Occupation Outlook provides study guidance

Some tertiary qualifications lead directly to work, many more could if  students had a better idea of where the job opportunities were and which qualifications were most likely to lead to work.

Occupation Outlook should do that.

The Government will ensure young people are better informed about the skills needed in our economy and what to train for in a new initiative announced as part of the Skilled and Safe Workplaces progress report released today.

Tertiary Education, Skills and Employment Minister Steven Joyce announced that the Ministry of Business, Innovation and Employment will produce an annual Occupational Outlook that will clearly set out information collected from industries and businesses on the expected demand for key occupations in the years ahead.

“There has been a shortage of good occupation-level information for students, parents and tertiary providers about where the skill gaps will be and what students need to do to seize those opportunities as they embark on their studies. The Occupational Outlook will help address that gap,” Mr Joyce says.

“Employers have been telling us anecdotally for some time that there is a supply glut in some occupations, and a real shortage in areas like Engineering and ICT. We have addressed the availability of study places with our Budget 2012 increased investment in Engineering courses. The next issue is to help increase student interest in taking the right subjects so they can take up these opportunities.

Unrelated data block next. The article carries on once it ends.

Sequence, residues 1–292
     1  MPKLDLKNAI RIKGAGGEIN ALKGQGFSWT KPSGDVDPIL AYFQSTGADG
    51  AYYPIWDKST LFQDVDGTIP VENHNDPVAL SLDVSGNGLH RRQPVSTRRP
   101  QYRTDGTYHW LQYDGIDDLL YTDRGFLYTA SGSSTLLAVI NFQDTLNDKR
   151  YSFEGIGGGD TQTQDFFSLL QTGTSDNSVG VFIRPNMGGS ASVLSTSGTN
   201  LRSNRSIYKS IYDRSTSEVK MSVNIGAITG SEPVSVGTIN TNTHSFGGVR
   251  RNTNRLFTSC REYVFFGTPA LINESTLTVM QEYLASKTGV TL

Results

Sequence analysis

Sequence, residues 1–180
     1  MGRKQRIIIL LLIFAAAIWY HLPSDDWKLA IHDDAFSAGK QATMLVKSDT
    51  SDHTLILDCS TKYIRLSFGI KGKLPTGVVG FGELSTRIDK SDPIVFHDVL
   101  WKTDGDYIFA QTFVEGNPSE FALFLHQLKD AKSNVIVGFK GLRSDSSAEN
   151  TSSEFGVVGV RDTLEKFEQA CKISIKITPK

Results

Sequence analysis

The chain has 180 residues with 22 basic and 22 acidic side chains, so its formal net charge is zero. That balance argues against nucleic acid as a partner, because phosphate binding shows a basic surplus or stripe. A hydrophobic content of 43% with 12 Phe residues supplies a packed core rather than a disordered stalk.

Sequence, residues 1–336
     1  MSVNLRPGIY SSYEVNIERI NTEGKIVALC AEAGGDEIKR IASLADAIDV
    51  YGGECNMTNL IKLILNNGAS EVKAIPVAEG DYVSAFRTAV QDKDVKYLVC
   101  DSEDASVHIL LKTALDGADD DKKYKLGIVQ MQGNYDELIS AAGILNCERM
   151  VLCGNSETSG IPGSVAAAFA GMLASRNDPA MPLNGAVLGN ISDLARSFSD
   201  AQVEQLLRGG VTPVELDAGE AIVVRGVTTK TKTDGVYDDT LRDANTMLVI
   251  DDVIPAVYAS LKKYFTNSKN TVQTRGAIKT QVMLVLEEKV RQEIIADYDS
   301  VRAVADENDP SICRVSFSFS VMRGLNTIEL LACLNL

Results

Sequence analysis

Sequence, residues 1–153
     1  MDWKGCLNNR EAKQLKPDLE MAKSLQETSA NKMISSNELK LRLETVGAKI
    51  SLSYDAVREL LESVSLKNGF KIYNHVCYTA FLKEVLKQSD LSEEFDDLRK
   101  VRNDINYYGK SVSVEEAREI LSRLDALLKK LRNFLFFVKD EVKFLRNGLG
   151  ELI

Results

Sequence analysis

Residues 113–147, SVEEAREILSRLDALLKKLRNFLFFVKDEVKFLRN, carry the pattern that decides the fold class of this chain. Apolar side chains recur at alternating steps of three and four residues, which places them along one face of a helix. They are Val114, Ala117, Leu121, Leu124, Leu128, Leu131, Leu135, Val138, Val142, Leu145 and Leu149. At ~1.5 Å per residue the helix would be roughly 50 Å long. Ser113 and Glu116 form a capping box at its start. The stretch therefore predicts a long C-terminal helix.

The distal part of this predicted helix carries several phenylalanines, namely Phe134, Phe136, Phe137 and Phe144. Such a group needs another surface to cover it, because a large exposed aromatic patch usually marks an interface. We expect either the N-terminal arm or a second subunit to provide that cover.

“The Occupational Outlook will provide information on job prospects for around 40 occupations, as well as setting out likely income ranges, and qualifications needed. This will be very useful information for parents, students, education and training providers, and Government agencies.” . . .

Agribusiness professor Jacqueline Rowarth has often pointed out that the mismatch between student subject choice and potential jobs.

Professor Rowarth says she doesn’t understand why so many students study arts subjects when the jobs aren’t there when they graduate, or if they do get jobs, starting salaries are so much lower than for science grads. “Graduates in applied science and agribusiness are being offered salary packages of approximately $70,000. I’m not saying ignore arts and culture – I’m just advocating that we feed the soul outside work hours, because we need science and scientific research to keep our economy growing. We also need agriculture and agribusiness. We can shape the future by ensuring that we achieve the right components in education and in the workforce.”

Aware she may upset her colleagues in the arts with these statements, Professor Rowarth says the data are globally available and she’s happy to discuss. “We all want our children ‘to be happy’: that means encouraging them in to careers where they will be valued and can make a difference.”

No-one is suggesting people shouldn’t study arts nor that every degree should lead directly to a job. there is still a place for a general degree which might not be a meal ticket but does show its holder can think and reason.

But students should go into their studies with their eyes wide open to where they might, or might not, lead them when they graduate.

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